Chomsky concluded his lecture with a seditious call for activists to prevent the U.S. from winning the war on terrorism. "If the U.S. wins a cheap victory, the world is in deep trouble," he said. "Don't let them get away with it." It is obvious that he wants radical activists to thwart the efforts of the American government in defeating terrorism and disarming Iraq. Spreading lies about the motives and actions of the U.S. government to its citizens and other people around the globe weakens America and only emboldens those who wish its destruction.
Yet, none of Chomsky's remarks found their way into the glowing coverage of his lecture that the Austin American-Statesman and Austin Chronicle served up. Neither of these liberal newspapers even mentioned the protestors. To their credit, The Daily Texan actually quoted the student groups opposing Chomsky in their preview story.

Chomsky's incendiary remarks at UT were not surprising in light of his track record. At a speech earlier this year at the University of Pennsylvania, Chomsky labeled the United States a terrorist state. According to Chomsky, "legally speaking, there's a very solid case for impeaching every American president since the Second World War. They've all been either outright war criminals or involved in serious war crimes."

Chomsky is currently leading the insidious campaign to browbeat American universities into divesting assets linked to Israel. Chomsky even favored French leftist Robert Faurisson by authoring a preface to his asinine book denying the existence of Nazi gas chambers entitled "Mâemoire en dâefense : contre ceux qui m'accusent de falsifier l'histoire : la question des chambres áa gaz." Faurisson, who the Irish newspaper The Sunday Tribune described as "a leading Holocaust-denier," himself authored the preface to Ernst Gauss' revisionist screed "Dissecting the Holocaust : The Growing Critique of 'Truth' and 'Memory.'"

Brian Bodine, an officer in the UT Young Conservatives of Texas, stated, "Chomsky is a Stalinist who opposed the U.S. in the Cold War and embraces Cuba as a model nation. Chomsky has written that America's fight against Communism was actually a crusade "to protect our doctrine that the rich should plunder the poor." History has resoundingly relegated Chomsky's perverted ideas to the dustbin. In 1959, Cuba was the second richest country in Latin America. Now it is the second poorest just before Haiti. Chomsky is attempting to brainwash students into believing we should turn back the clock to the horrors of communism, which killed 100 million innocent people in the 20th century."

Chomsky's response to 9/11 was just the same as his mantra before 9/11 - when in doubt, blame the U.S. and Israel. Chomsky's infamous September 12 statement regarding the horrific attacks of September 11 began:

"The terrorist attacks were major atrocities. In scale they may not reach the level of many others, for example, Clinton's bombing of the Sudan with no credible pretext, destroying half its pharmaceutical supplies and killing unknown numbers of people (no one knows, because the U.S. blocked an inquiry at the UN and no one cares to pursue it)."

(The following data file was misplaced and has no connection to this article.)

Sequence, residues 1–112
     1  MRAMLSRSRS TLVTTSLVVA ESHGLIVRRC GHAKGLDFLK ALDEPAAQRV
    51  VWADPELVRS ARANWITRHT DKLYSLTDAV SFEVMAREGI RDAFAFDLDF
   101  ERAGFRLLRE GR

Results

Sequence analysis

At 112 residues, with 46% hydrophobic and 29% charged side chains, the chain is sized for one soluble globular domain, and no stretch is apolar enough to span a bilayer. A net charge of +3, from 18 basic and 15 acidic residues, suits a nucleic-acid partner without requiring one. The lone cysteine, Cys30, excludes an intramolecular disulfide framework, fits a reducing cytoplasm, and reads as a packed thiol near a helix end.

Responding to Chomsky' statement, David Horowitz wrote, "In point of fact - and just for the record - however ill-conceived Bill Clinton's decision to launch a missile into the Sudan, it was not remotely comparable to the World Trade Center massacre. It was, in its very design, precisely the opposite - a defensive response that attempted to minimize casualties. Clinton's missile was launched in reaction to the blowing up of two of our African embassies, the murder of hundreds of innocent people and the injury to thousands, mostly African civilians. It was designed with every precaution possible to prevent the loss of innocent life. The missile was fired at night, so that no one would be in the building when it was hit. The target was selected because the best information available indicated it was not a pharmaceutical factory, but a factory producing biological weapons. Chomsky's use of this incident to diminish the monstrosity of the terrorist attack is a typical Chomsky maneuver, an accurate measure of his instinctive mendacity, and an index of the anti-American dementia, which infuses everything he writes and says."

The fact that Chomsky's lecture attracted several thousand adoring students and community members, many of whom had to watch the lecture on a big screen television outside because the auditorium quickly filled up, suggests that many more leaders like David Horowitz are needed to combat Chomsky's campaign of deception. For America's sake, let's hope these leaders emerge soon and follow Horowitz in bringing their message to college campuses dominated by Chomsky's toxic anti-American slander and its misguided adherents.

1. Horowitz "Think Twice Before You Bring The War Home" 2001 p.19

Brendan Steinhauser writes for The Austin Review and is the Executive Director of The University of Texas at Austin brach of The Young Conservatives of Texas.